Monday, June 7, 2010

Humid Is As Humid Does....

If you live in Central or South Texas and walked outside undoubtedly noticed one thing:  it was freaking humid!
As you can see by examining the above surface map (taken at 9pm this evening, central time), dew point temperatures (show in green text) are in the mid to upper 70s across most of the area, with values near 80 degrees in far South Texas (that is downright tropical, folks)!

So why let all of this moisture go to waste?  An upper level weather disturbance is forecast to move slowly across the state during the period Tuesday through Thursday.  When this disturbance interacts with the copious amounts of moisture already present in the atmosphere, locally heavy rains are sure to take place.  Take a look at the HPC (Hydrometeorological Prediction Center - fancy name for National Weather Service Headquarters) rainfall forecast for the period 7pm Monday through 7pm Wednesday:

So how exactly do we determine how much rain may fall in a given area?  Weather balloons are released twice daily at certain locations across the country, in an effort to help us better understand (1). what is going on right now in the atmosphere and (2). what will be going on in later hours and days (the data is fed into computer models that derive forecasts, among other things).  The stations nearest the Austin-San Antonio corridor that release balloons are Del Rio (DRT) and Corpus Christi (CRP).  As the balloon rises up through the atmosphere, it transmits data back to the surface via a radio transmitter/receiver, which plots data such as temperature, dew point, humidity, wind speed and direction, etc., on a vertical map called a "sounding".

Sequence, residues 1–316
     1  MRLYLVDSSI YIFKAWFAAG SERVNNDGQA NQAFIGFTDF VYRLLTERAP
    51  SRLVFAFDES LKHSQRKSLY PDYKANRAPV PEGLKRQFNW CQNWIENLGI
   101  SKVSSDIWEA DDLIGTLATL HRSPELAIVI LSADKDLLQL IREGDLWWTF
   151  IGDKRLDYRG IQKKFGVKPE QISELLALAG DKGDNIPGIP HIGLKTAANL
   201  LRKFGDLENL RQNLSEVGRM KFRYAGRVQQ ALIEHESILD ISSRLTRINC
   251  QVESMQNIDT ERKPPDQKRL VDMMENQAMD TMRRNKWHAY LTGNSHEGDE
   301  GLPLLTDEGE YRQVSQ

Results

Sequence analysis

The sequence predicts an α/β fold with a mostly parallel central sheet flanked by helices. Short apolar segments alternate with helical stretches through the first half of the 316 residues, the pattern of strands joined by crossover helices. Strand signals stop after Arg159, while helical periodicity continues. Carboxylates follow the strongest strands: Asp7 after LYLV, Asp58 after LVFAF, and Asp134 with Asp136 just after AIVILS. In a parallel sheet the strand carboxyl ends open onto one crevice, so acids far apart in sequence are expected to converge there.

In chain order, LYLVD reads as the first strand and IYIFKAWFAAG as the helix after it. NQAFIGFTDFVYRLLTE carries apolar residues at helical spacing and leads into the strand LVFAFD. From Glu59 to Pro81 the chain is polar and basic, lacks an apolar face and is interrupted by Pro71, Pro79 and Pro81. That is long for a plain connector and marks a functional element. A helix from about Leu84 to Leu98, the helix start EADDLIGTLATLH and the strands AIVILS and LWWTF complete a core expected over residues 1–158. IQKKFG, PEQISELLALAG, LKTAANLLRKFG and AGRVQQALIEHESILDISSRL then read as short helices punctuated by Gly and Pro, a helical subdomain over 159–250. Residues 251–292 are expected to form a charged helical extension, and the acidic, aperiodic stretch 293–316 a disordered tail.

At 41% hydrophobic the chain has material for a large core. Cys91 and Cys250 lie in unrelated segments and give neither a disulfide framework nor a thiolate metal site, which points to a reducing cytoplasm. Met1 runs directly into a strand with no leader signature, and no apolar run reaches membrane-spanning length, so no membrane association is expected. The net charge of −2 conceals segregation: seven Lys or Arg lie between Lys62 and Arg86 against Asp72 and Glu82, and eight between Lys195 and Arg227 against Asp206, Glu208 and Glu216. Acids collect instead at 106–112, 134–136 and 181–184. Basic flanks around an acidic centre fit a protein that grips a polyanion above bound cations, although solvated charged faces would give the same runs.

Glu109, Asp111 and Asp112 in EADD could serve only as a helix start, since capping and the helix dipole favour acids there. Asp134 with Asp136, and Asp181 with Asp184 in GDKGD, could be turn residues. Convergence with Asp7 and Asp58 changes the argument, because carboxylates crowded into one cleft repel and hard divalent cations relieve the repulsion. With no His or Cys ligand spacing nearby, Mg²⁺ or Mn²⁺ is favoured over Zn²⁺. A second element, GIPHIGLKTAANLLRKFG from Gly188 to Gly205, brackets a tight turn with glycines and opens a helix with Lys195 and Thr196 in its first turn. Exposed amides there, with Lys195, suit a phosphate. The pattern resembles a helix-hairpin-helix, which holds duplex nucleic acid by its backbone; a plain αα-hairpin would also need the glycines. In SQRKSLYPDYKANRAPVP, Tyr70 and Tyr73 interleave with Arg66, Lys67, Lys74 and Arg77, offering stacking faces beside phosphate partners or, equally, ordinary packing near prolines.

Below is an image of the sounding taken near Del Rio at 7am this morning:

Among all of the wiggly, wavy lines (which I'll go into in greater depth in a later post), there are some derived fields as well.  If you look closely at the chart toward the bottom left section of the image, you'll see "PW=1.87 in."  That stands for "Precipitable Water = 1.87 inches".  Simply put, precipitable water is the amount of water in a given column of the atmosphere (in this case, the column was over Del Rio).  

What this means is that if all of the water accumulating in the air column above Del Rio were to be precipitated (or rained) out, it would equal approximately 1.87 inches.

Anytime precipitable water is above 1 inch, that means the potential exists for locally heavy downpours that can accumulate rather quickly (i.e., an inch or more in an hour).  As all Texans know, that can be good news in the middle of a hot, otherwise dry summer.  So bring it on, we're ready for it!

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